Some Jews labeled you anti-Israel or even an anti-Semite after you compared Summers to Sharon.

I think that the complex dynamics of the American Jewish community are undergoing some fascinating transformations. I think there are more voices putting forward an indigenous critique. A slow glacial shift is taking place in American Jewry that is much more open to the best of the Jewish past, which is one of serious self-criticism, self-questioning and self-interrogation. This shift is creating new discursive possibilities, not just around Israel. This is true for a number of different issues, but most manifest around Ariel Sharon’s myopic leadership more than anything else. People that really care about Jewish suffering, who are really deeply concerned about Jewish survival, recognize that they have to explore alternatives that 10 years ago were viewed as completely off the map.

How do you think the Jewish community, or its left wing, can regain its moral center, especially on domestic, urban and race issues?

It’s important to keep in mind that even before the Kishinev pogrom in 1903, Abraham Cahan’s Jewish Forward called lynching in the South a “pogrom in America.” Up through the 1960s, the Jewish community was the most progressive community outside of the black community concerned about black suffering. That legacy has never died. Even among American liberals, many of whom are conservative on Israel, many still remain tied to the struggle against racial injustice. There is a kind of asymmetry between the

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domestic concerns of the vast number of American Jews, very liberal and progressive, and the Middle East. When I look at the Anti-Defamation League, for example, they have done some very important things in terms of keeping a focus on black suffering, no doubt about that. I agree strongly with brother Foxman when it comes to his pronouncements about increasing anti-Semitism, but when the ADL can give an award to an Italian prime minister who might have anti-Semitic elements, and celebrate him because he’s supposedly pro-Israel in their way, well there I’m very critical of Foxman. But when we look at particular programs and when I meet people in the organization, they’re doing a number of wonderful things as it relates to the injustice done to black people.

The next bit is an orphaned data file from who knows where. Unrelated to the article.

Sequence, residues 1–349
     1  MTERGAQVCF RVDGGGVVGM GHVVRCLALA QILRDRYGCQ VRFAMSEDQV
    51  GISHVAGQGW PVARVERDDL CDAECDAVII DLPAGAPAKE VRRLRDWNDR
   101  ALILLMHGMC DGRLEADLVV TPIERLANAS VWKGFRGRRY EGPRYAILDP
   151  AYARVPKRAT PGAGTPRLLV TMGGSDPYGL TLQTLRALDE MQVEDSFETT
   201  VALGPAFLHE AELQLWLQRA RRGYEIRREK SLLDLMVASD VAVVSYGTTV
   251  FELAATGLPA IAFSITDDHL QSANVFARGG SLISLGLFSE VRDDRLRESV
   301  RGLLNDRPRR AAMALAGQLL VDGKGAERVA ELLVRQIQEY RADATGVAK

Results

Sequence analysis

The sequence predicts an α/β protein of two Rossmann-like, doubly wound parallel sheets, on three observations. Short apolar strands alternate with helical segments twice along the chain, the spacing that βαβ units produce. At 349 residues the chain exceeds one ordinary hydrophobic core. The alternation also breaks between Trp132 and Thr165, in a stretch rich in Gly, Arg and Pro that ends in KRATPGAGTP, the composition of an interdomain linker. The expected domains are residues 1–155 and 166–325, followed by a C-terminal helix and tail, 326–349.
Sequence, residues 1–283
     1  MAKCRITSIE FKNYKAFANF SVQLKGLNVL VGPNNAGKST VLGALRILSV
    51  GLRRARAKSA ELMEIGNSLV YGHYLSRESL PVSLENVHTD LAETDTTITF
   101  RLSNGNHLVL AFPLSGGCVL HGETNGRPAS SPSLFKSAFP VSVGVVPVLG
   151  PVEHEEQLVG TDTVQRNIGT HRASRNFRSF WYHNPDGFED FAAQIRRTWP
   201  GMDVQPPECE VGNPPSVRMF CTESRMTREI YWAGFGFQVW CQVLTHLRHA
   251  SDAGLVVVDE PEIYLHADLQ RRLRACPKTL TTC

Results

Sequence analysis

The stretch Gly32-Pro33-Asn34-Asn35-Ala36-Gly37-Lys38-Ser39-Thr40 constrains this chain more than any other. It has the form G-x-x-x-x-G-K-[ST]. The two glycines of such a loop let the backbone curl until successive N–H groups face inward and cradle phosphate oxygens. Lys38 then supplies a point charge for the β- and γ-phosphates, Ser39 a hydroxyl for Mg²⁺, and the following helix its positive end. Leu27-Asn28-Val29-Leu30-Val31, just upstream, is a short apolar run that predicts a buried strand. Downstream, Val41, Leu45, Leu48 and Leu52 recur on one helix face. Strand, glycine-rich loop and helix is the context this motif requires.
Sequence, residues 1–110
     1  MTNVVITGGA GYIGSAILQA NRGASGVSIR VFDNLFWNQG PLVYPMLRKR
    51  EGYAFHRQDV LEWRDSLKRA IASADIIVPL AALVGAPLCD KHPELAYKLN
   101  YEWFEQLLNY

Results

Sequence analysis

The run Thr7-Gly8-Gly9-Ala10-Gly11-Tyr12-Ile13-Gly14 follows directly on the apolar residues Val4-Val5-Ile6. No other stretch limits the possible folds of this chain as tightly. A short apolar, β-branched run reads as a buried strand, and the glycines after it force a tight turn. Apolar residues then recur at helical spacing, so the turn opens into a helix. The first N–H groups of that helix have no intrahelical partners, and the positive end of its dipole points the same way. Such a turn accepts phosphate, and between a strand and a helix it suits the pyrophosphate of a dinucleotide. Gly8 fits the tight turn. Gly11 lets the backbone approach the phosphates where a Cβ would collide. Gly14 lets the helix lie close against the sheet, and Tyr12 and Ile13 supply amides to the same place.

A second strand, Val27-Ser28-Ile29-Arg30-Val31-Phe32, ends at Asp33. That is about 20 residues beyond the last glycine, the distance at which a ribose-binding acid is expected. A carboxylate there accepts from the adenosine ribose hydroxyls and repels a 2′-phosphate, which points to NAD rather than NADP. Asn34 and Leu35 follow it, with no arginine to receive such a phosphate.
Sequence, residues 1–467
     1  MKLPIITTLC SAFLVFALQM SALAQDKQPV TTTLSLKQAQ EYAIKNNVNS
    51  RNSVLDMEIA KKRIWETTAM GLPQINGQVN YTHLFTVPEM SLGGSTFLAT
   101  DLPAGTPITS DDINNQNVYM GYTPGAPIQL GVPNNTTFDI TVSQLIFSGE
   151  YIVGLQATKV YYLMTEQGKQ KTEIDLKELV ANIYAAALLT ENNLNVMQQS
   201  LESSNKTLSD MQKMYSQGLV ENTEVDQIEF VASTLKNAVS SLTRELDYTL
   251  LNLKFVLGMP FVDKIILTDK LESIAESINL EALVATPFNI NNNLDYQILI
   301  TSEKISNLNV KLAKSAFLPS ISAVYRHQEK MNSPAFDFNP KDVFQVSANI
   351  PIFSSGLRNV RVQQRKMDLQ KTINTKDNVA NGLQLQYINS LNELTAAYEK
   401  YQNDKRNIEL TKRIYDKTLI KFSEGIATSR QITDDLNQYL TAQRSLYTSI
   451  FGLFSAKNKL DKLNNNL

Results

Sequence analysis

When I was in Boston, wonderful sister Nancy Kaufman worked with Rev. Eugene Rivers on community policing. My late brother Leonard Zakim headed a black-Jewish alliance. Did magnificent things in Dorchester and Roxbury as a member of the ADL. We worked closely together, even though he and I clashed when it came to the Middle East. For me it’s a matter of gaining the moral consistency to focus on what they’re doing domestically but being self-critical so they can make the same sort of moral and political pronouncements when it comes to the suffering of the Palestinian people. Also, it’s important to keep in mind the Israeli working class and poor are being pushed against the wall by the right-wing economic policies of Sharon and Netanyahu. I’m deeply concerned about the suffering of the victims of barbaric suicide bombings and the victims’ families. But I’m also concerned with the Israeli working class and the Israeli poor, who are often rendered invisible. There are major strikes going on right now! That class struggle is intensifying. Why? Because underneath the colonial policy is this increasing austerity program where vulnerable Israeli citizens, be they Jewish or non-Jewish, are suffering.

And of course public resources have gone to the settlements instead of the Mizrachi working class and the development towns.

Exactly, very true.

In Race Matters you have a chapter called “Nihilism in Black America.” Could we say there is a sort of Jewish nihilism? What would it consist of?

Hmmm …Well, I think that there are two distinctive features of the American Jewish community: the high level of civic activism, unbelievable levels of organization—this is to be applauded. This is what democracies are all about. Second would be the high levels of education. Among young Jewish brothers and sisters there is a profound hunger and thirst for something more than either material toys or the kind of blind deference to Israeli policy. The first has to do with their sense of feeling that life has meaning and significance simply beyond the materialist quest that has been so characteristic of any middle class in the last 40 years. The second has to do with Jewish identity, there has to be more to it than a defense of Israel regardless of what the policies are. This is no longer holding among this young generation of Jews. In that sense you have two positive elements. You got this hunger beyond materialism, hedonism and narcissism and a hunger for a richer, deeper understanding of Jewish identity, which is linked to their human identity. We’re at a transitional moment. In my next book, Democracy Matters, I have a whole chapter on Diaspora Jewish identity in America.

You’re not a Zionist, but unlike your good friend Edward Said, you seem sympathetic to those who are advocates of the Jewish national project. You’re hard on Sharon and Arafat, but unlike many on the left, you speak about Israel itself without bitterness. I’m sure there are those on the left who say you are not left enough. How do you strike that balance?